The Other DEC Project in Our Backyard

The permit for the New NY Bridge (the new Tappan Zee Bridge) issued by the DEC contains a three-part compensatory mitigation plan. The most well known part of this plan, the Wetlands Enhancement at Piermont Marsh, has been highly publicized. However, in comparison, very little has been made public about another part of this plan actively happening in our area. The plan in the permit originally called for local oysters to be harvested and transferred to a marine hatchery while creating thirteen acres of new oyster habitat that is to be seeded with the stock from the harvested oysters. By mid 2013, 200,000 oysters were harvested using dredges and moved to adjacent beds where they are to be kept out of the way of the construction equipment that is currently in place.

The discovery in 2013 of oyster beds in the Tappan Zee during survey work for the New NY Bridge project does not come as a surprise. We know from oyster shell heaps, more widely known as middens, that the oyster was a staple of the local Native American diet. The oldest Atlantic shell midden found to date is located right across the river from Palisades in Dobbs Ferry. It dates back to 6950 B.C. and is the earliest remaining evidence of humans living in the Hudson Valley. When the Half Moon arrived in 1609 and landed on what is today Staten Island, the Lenape who greeted Hudson and his crew with their first taste of oysters from the new world were from what is today the area of Yonkers. At this time oysters over twelve inches in diameter were not uncommon for the area and even larger shells have been found at the bottom of local middens. By 1860 New York was consuming and exporting twelve million local oysters annually.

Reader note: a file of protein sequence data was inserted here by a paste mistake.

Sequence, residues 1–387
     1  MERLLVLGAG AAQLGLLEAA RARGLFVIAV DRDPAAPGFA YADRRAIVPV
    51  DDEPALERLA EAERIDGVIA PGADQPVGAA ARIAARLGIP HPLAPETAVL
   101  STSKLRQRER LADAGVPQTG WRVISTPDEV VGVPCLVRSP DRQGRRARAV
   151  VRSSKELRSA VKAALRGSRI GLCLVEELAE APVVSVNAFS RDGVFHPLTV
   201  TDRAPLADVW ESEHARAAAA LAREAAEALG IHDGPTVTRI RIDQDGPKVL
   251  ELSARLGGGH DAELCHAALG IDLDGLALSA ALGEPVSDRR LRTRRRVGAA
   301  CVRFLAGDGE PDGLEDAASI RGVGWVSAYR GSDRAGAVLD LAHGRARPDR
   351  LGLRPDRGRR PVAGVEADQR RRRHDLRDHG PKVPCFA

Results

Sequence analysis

Around 1909 a growing population, waterfront industry and the link of typhoid contamination from raw sewage cast a shadow over the local industry. Local oyster beds continued moving further east to the Great South Bay on Long Island. The incident that was the final straw to break the camels back ironically occurred only a few miles down river from where it all started. In 1924 an outbreak of typhoid was traced to a stream in the newly formed Palisades Interstate Park. A New York Times editorial on July 25th, 1924 citing the Palisades typhoid outbreak, started a campaign that focused a spotlight on the condition of the Hudson River and the quantity of sewage being discharged into it. Only 3 years later in 1927 the last operating oyster bed in the area was closed due to pollution, signaling the end of local oyster production.

Surprisingly to most people, the oyster we all know is the same animal from the Gulf of Mexico to Canada — Crassotrea virginicus. Conditions such as water temperature, currents and salinity are what give each oyster their unique characteristics. Many of the oysters today start from the same seed that is harvested further south and then re-deposited in locations such as Wellfleet, Narragansett Sound and Long Island’s Great South Bay, where it is left three to five years to emerge from the water as a true product of its environment.

The Hudson River tidal estuary is a spectacular example, a fjord with tidal influence as far north as the city of Troy. The first 60 miles of the river from the Battery to around the city of Beacon can remain salty enough to support oysters. This salt line will vary depending on tides, rainfall and seasons. However numerous middens found in and around the town of Peekskill show us that oysters have historically thrived as far as thirty miles upriver. The conditions in our immediate area are ideal to support a viable oyster population and any attempt to preserve or restore the local oyster population can be welcomed.